Last August, I wrote a somewhat hyperbolic item decrying William Weld's flip-flop on gay marriage rights when he suddenly got back into politics. Well, apparently he's gone from flip-flop to flop - after such campaign heights as his running mate donating to the opposing party's candidate, and the embarrassment of not getting the nomination at his state party convention and being asked by the GOP leader to drop out, Weld has left the race.
Does this mean Weld is a failure? Not any more than any other politician who has tried to run a race. He has nothing to be ashamed of for trying to jumpstart his political career. It's just a shame that he had to sacrifice a large part of his appeal in the process. Weld was always hated by conservatives. He was more liberal than his Democratic opponent in 1990's gubernatorial race (the one in Massachusetts). He was so disliked by Sen. Jesse Helms that Helms blocked his 1997 attempt at ambassadorship. He was praised and derided for his consistent, steadfast support for gay rights at a time when few officials in either party would touch the subject. He even participated in the wedding of a gay friend. That he so casually changed his opinion on gay marriage just in time to start a campaign in a new, less stereotypically liberal state, was an insult to voters of all parties. Social conservative leaders aren't stupid people - they know who their real friends are. They must have felt Faso was a real friend. Weld was a fairweather friend. I hope that he can prove to gays that he does not view us the same way.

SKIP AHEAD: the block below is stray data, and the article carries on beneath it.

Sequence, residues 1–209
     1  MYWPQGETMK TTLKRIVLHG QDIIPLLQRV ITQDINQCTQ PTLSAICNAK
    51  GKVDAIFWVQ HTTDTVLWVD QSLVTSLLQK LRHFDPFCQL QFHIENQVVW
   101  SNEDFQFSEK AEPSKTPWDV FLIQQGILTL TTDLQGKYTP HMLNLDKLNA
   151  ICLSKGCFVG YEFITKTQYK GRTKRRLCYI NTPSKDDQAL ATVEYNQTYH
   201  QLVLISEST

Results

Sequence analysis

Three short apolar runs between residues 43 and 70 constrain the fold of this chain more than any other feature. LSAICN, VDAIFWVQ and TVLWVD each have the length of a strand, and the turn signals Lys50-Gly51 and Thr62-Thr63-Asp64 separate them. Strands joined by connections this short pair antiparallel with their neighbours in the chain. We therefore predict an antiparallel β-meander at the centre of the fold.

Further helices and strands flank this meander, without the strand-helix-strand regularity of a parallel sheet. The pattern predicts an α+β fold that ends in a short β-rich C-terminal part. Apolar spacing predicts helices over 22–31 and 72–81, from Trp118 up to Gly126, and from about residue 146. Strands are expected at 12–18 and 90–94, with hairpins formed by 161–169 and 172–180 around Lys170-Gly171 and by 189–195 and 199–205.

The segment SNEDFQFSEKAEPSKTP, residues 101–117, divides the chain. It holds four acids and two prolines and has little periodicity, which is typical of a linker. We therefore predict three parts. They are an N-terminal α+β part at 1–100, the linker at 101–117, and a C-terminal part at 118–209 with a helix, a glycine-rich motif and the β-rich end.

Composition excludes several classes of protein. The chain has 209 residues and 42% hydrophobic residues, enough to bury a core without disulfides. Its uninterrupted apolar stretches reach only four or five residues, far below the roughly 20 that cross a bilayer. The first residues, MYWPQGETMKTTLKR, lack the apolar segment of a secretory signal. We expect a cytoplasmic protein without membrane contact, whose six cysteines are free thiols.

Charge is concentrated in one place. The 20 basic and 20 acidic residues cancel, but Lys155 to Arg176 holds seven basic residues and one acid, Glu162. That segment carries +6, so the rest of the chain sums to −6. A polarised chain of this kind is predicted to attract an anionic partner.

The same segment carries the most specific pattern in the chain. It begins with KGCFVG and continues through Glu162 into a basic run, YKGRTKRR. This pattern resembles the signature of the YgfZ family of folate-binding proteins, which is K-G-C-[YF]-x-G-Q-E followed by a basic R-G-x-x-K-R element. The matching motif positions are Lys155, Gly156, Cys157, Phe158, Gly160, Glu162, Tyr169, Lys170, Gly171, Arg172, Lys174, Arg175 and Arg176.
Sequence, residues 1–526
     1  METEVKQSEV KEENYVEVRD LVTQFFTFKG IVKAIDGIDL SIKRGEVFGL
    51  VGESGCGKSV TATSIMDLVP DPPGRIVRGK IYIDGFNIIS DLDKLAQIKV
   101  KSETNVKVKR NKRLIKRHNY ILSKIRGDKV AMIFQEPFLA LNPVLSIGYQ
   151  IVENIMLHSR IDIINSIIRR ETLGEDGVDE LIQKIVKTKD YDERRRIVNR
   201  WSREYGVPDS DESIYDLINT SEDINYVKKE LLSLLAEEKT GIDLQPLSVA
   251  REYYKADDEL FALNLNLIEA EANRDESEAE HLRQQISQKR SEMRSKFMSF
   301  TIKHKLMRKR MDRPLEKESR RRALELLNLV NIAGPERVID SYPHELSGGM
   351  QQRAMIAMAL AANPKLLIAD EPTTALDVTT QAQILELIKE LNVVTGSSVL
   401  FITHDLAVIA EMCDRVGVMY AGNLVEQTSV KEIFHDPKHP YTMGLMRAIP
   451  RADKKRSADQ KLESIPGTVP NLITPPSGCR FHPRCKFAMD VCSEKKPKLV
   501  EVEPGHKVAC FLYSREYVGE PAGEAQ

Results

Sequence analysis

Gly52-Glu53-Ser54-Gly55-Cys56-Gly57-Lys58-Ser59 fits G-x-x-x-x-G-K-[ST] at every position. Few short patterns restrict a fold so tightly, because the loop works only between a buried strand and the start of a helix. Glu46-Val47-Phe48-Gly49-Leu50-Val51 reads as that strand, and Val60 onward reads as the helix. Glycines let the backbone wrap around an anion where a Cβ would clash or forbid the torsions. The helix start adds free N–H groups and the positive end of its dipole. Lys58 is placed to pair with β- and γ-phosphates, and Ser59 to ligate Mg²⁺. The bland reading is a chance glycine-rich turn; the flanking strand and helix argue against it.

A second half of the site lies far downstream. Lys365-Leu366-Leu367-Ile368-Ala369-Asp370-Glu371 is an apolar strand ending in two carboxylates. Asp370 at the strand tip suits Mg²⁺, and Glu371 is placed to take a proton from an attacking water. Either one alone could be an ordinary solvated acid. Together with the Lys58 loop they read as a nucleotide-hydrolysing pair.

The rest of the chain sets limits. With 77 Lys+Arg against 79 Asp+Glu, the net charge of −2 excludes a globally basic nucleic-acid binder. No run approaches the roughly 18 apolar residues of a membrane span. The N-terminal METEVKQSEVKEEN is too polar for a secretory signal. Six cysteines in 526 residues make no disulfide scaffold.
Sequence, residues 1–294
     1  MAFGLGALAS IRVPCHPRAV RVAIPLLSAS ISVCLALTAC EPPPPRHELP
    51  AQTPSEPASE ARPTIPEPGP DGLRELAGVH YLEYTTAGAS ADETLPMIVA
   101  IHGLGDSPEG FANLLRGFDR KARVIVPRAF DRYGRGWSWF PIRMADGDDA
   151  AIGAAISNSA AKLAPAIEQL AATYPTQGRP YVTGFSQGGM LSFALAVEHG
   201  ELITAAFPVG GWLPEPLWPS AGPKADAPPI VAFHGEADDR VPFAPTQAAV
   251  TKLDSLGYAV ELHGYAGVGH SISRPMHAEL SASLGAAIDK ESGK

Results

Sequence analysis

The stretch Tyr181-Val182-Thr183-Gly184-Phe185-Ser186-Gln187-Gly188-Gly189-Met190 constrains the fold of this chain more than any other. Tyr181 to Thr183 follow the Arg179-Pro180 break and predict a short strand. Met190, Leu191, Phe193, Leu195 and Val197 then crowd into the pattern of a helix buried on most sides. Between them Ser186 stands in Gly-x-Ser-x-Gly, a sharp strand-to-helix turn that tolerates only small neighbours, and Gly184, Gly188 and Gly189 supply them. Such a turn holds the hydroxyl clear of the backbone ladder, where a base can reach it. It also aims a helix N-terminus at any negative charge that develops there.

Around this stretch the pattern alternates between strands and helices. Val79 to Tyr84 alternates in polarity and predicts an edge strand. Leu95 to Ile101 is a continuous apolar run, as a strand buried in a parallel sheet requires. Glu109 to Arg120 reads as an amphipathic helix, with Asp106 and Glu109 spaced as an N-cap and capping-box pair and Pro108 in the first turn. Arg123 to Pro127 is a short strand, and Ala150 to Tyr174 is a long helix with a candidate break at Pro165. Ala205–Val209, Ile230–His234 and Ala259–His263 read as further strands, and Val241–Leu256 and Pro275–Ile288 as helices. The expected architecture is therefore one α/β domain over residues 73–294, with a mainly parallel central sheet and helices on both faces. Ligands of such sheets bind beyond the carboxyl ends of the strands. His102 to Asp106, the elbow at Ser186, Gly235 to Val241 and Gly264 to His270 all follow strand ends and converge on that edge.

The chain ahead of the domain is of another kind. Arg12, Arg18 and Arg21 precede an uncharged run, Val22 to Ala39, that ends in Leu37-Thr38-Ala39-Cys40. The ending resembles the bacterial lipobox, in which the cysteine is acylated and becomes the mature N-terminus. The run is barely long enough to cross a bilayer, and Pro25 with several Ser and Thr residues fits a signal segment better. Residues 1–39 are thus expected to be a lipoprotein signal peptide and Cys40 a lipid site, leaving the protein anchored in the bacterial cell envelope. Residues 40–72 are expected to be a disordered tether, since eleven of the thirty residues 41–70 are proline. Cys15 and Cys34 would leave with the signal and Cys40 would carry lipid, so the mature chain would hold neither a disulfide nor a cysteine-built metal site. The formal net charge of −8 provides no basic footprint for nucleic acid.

Members of both parties have switched their support of gay rights, with mixed success. But if you have long been among the most progressive supporters of gay rights, gay marriage, equality and freedom for gays, then suddenly changing gears this way does you no good. I hope that politicians who support gay rights learned a lesson from this chapter in the career of William Weld. I hope something good can come from it, because otherwise, it's just kind of depressing, futile, and sad...too much like everything else in politics today.